I was hard on “The Curious Case of Dean Winchester,” the latest new episode of Supernatural, because I felt the story and, in particular, the villains didn’t work. An episode needs a strong antagonist, someone viewers can connect with, which is why I was ecstatic that Warner Brothers sent critics an advanced copy of next week’s brand new Supernatural episode, “Changing Channels.”
Like any good fan, I watched it as soon as possible, and while you won’t find any major spoilers in this review, I can tell you that it is, hands down, the best episode of the season. Of course, I’m a little biased.
WARNING: Stop reading if you don’t want to know anything about “Changing Channels.”
The episode features the third appearance of the Trickster, who is easily among my favorite Supernatural characters. Though he’s only appeared in two episodes, those two were the incredibly funny “Tall Tales” and the heartbreaking and gut-busting “Mystery Spot.” In fact, I named “Mystery Spot” the single greatest television episode of 2008.
In many ways, “Changing Channels” is identical to “Mystery Spot.” Both episodes have a rather silly premise that provides tons of comedy, but both episodes also have a darker side. “Mystery Spot” was all about the Trickster trying to get Sam to accept Dean’s death because he was going to Hell. Similarly, this episode also has larger ramifications beyond the simple TV parodies.
“Changing Channels” does everything that a great episode of Supernatural can do. It’s important to the overall series mythology while working as a stand-alone piece as well. And, most importantly, the serious parts are very dark and very dramatic, while the comedic moments are truly hilarious.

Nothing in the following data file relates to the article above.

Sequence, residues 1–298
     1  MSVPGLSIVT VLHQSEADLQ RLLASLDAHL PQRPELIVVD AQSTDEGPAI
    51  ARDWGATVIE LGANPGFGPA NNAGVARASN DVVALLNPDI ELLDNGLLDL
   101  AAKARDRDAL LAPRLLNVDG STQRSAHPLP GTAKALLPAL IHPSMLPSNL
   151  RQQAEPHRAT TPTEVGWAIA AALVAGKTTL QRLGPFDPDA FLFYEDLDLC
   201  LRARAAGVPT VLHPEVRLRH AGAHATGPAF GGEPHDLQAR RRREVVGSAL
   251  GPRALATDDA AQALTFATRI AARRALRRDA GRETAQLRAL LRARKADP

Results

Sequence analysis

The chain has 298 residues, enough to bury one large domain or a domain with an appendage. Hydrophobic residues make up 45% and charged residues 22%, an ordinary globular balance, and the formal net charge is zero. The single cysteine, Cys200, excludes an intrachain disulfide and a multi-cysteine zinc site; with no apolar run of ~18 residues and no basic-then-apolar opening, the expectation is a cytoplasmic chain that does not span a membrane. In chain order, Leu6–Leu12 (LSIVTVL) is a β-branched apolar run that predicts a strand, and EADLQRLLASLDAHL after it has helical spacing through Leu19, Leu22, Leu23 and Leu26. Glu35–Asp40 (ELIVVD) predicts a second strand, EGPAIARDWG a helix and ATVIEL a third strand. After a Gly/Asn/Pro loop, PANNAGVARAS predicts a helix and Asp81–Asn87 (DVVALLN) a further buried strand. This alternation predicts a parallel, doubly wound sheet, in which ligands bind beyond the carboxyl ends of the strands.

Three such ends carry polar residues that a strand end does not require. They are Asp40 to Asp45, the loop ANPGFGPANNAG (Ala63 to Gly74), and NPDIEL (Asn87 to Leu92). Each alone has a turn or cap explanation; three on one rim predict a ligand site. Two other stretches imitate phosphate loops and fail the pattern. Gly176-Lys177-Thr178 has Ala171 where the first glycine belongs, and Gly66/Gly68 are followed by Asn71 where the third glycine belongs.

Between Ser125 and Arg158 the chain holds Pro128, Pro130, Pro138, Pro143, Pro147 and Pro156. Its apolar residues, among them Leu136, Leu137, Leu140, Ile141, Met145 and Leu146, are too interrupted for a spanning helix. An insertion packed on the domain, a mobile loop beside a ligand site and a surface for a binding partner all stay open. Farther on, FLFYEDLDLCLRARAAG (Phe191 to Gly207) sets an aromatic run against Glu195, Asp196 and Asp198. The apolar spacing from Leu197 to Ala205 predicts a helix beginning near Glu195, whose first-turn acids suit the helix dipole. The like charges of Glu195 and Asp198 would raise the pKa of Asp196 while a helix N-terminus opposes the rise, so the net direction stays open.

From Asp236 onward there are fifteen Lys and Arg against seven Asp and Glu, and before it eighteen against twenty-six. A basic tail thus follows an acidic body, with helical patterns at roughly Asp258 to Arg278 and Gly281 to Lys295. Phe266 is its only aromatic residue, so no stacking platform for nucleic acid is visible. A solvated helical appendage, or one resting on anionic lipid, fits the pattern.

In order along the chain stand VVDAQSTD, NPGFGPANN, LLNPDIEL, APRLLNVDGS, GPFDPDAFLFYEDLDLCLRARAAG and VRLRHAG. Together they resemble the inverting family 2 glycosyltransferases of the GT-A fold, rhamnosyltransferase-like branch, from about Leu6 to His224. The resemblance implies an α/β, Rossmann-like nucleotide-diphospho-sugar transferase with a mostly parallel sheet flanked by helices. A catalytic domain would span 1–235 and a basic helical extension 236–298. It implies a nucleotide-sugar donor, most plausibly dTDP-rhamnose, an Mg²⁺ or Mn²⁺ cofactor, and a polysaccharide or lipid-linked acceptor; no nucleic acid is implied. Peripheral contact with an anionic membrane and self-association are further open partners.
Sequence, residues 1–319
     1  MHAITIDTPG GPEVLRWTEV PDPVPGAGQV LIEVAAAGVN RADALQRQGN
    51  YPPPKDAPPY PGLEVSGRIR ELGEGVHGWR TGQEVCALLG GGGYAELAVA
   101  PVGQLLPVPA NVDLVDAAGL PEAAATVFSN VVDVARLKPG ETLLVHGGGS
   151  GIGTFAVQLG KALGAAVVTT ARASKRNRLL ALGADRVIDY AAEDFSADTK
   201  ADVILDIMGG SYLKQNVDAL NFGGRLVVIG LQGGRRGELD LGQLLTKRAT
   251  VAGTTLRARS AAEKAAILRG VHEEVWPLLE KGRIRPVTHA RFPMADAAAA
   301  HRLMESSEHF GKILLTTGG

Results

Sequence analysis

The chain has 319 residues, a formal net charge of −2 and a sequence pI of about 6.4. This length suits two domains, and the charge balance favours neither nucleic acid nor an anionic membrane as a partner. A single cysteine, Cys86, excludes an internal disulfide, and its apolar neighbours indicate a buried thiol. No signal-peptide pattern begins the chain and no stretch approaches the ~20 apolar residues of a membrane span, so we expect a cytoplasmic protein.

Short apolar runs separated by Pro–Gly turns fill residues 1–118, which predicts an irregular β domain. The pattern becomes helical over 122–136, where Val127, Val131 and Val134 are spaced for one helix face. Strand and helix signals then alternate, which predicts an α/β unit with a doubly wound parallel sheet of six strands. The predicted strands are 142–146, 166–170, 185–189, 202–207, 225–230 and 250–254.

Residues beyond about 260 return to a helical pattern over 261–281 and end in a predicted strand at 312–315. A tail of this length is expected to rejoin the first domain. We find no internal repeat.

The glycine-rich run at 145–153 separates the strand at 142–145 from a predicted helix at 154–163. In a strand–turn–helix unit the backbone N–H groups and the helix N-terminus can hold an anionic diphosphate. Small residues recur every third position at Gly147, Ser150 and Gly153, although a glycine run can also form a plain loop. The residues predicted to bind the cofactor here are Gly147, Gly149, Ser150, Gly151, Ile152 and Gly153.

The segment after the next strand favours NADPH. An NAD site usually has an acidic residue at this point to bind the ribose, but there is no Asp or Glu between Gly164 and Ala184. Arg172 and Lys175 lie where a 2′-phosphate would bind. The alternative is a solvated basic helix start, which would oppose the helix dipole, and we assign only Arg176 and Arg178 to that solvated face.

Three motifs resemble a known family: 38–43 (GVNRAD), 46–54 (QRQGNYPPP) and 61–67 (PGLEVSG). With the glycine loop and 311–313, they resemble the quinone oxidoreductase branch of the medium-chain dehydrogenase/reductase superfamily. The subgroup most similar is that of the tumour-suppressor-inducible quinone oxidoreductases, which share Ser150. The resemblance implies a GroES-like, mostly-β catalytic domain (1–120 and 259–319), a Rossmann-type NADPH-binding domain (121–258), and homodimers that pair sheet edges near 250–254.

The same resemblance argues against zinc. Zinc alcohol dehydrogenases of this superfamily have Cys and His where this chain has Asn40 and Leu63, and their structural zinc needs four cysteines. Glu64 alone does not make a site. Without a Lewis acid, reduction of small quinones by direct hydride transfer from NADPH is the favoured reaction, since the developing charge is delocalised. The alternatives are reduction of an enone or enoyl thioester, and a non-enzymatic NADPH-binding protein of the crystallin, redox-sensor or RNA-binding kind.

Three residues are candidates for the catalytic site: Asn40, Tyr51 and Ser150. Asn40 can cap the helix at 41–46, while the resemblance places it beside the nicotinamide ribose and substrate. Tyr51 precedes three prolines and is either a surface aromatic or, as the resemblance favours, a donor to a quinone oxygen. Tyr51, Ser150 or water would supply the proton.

There’s a new opening title sequence especially for this episode (you’ll want to record it to watch over and over again). The Grey’s Anatomy parody is absolutely spot-on, clearly an indication that the Supernatural writers have seen an episode or two. And while some of the parodies have already been glimpsed in preview clips, I promise you there are a few parodies you haven’t seen yet, and I wouldn’t dream of spoiling the giddy excitement you’ll experience when you realize what’s happening.
You’ll laugh, you’ll cry (sometimes from laughing so hard) and your jaw will drop at some of the shocking revelations, particularly Dean’s answer to a question on a Japanese game show. I wrote an article complaining that all these light, comedic episodes were a distraction from the actual story of the season. Next week’s Supernatural proves that an episode can be funny and pivotal at the same time.